Separation of powers battle continues over the Code of Conduct
by Michael Listner
|Overall, the effect of Section 913 is to keep Congress in the loop during negotiations of the International Code of Conduct or any similar transparency and confidence-building measure.|
This isn’t the first time that the Code of Conduct has been an issue between the Executive Branch and Congress. Beginning as early as 2010, when the United States was discussing the now-defunct European Code of Conduct, Congress noted its concern that the Administration was not including Congress in the negotiations or otherwise keeping it in the loop. The administration, for its part, asserted that the European Code of Conduct was not intended to be a legally binding treaty, that it was not required to seek the advice or consent of Congress, and it did not require Congressional intervention while negotiating it. The administration continued to hold this stance even after the failure of the EU Code.
After the announcement that the United States would not sign on to the EU Code of Conduct as proposed, several members of Congress sent a letter to the President of the United States addressing the Administration’s plan. The letter extended support for the administration’s decision not to sign on to the EU Code and, at the same time, expressed concern about Secretary of State Hillary Clinton’s announcement that the United States intended to negotiate a similar measure, using the European Code as a starting point. While the letter did not directly challenge the administration’s position that it had exclusive jurisdiction to negotiate or enter into a measure such as the Code of Conduct, it postured that Congress could have say over the implementation via its exclusive jurisdiction under the Commerce Clause. (See “Congressional opposition to a code of conduct for space”, The Space Review, February 6, 2012.)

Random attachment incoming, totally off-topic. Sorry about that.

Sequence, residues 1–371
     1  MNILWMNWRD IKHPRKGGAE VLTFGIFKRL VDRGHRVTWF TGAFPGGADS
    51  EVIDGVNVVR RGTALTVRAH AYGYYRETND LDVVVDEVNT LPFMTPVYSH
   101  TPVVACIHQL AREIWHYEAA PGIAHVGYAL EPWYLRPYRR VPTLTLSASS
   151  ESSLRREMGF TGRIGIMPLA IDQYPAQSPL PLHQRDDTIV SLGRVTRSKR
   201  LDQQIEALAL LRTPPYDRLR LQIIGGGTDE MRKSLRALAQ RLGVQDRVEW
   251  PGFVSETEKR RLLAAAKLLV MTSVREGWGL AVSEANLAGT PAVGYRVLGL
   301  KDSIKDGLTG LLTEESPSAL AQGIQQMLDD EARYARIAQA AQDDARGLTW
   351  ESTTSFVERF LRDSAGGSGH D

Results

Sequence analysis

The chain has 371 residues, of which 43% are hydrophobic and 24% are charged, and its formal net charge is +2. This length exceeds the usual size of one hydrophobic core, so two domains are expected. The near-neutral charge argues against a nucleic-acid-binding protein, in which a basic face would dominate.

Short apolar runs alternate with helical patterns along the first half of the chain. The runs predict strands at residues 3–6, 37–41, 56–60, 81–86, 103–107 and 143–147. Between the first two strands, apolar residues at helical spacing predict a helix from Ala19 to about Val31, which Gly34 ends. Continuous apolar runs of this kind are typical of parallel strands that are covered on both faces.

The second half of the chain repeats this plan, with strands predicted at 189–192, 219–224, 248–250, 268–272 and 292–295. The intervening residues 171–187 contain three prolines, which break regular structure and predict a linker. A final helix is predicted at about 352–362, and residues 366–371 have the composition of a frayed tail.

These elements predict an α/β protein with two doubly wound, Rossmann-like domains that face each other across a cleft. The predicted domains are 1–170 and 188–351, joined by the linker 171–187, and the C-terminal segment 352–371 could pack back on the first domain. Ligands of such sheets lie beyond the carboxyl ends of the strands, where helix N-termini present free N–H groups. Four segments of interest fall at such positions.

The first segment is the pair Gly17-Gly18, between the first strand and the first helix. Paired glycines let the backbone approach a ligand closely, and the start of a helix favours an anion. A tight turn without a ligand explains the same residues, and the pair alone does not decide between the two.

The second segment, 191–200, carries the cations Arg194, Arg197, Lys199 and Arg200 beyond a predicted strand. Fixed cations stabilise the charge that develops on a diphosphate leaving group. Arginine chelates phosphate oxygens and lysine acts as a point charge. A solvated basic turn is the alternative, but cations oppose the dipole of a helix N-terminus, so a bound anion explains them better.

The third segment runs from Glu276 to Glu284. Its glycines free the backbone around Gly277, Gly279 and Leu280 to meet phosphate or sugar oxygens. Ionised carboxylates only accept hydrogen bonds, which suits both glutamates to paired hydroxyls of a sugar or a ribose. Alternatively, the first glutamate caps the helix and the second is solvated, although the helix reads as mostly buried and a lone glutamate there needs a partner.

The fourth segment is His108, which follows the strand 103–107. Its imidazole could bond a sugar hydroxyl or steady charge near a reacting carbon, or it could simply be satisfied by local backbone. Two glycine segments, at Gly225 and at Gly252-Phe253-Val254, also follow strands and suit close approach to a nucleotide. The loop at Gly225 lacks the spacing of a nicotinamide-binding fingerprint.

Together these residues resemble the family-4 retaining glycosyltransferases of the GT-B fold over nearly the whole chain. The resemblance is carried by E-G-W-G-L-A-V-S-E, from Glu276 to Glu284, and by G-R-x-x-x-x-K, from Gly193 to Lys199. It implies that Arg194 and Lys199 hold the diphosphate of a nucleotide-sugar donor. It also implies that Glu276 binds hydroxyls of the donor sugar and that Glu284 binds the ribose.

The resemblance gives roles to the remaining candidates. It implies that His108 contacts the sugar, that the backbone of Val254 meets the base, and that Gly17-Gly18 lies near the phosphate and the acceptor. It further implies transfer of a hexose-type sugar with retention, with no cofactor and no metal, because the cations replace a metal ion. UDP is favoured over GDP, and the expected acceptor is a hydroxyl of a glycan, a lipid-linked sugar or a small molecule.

In May 2012, the separation of powers battle over the Code of Conduct entered a new chapter through a draft version of H.R. 4310. The House took a different approach to prevent implementation of the International Code of Conduct or the EU Code, through its power of the purse, specifically, by prohibiting federal agencies that may be pivotal in implementing a code of conduct from expending funds towards that end. The administration responded by objecting to the language and threatening to veto the bill. It reiterated that since the Code of Conduct is not legally binding, the Administration is not required to seek Congressional input or consent in negotiating it or signing it. The Administration also attempted to apply greater political pressure by stating that the H.R. 4310 encroaches on the President’s exclusive authority to conduct foreign relations and could impede the country’s ability to conduct bilateral outer space activities with important allies.2 (See “Separation of powers battle over a space code of conduct heats up”, The Space Review, May 21, 2012.)
The final version of H.R. 4310, which the President signed on January 3, notably lacks the provision concerning the prohibition against funding; however, Congress replaced it with a more substantial provision specifically addressing the International Code of Conduct. Section 913 covers two distinct scenarios. The first deals with the scenario where the United States becomes a signatory to the International Code of Conduct or a similar agreement. In that case, Section 913 requires that:
The second scenario deals with the negotiation of the International Code of Conduct or a similar agreement. In this case, Section 913 requires that the Secretary of Defense, the Secretary of State, and the Director of National Intelligence jointly provide to the covered congressional committees regular, detailed updates on the negotiation of a non-legally binding international agreement concerning an International Code of Conduct for Outer Space Activities or any similar agreement. This requirement under Section 913 expires whenever the United States signs such an agreement or otherwise ceases negotiations towards that end.
|Now that H.R. 4310 is now law, whether the administration will abide by the stipulations within the law or seek to avoid them, citing its own constitutional power over diplomatic matters, should soon become apparent.|
Overall, the effect of Section 913 is to keep Congress in the loop during negotiations of the International Code of Conduct or any similar transparency and confidence-building measure (TCBM), and to ensure that the implementation of either the Code or Conduct or any future TCBM is done such that they are not legally-binding upon the United States.3 Section 913 appears to also take into consideration the potential arms control nature of TCBMs. TCBMs are traditionally used to pave the way towards legally binding arms control agreements, and Congress is apparently aware of this. It is this position on TCBMs for outer space security that both the Russian Federation and China have articulated as a prerequisite for entering into a TCBM such as the Code of Conduct.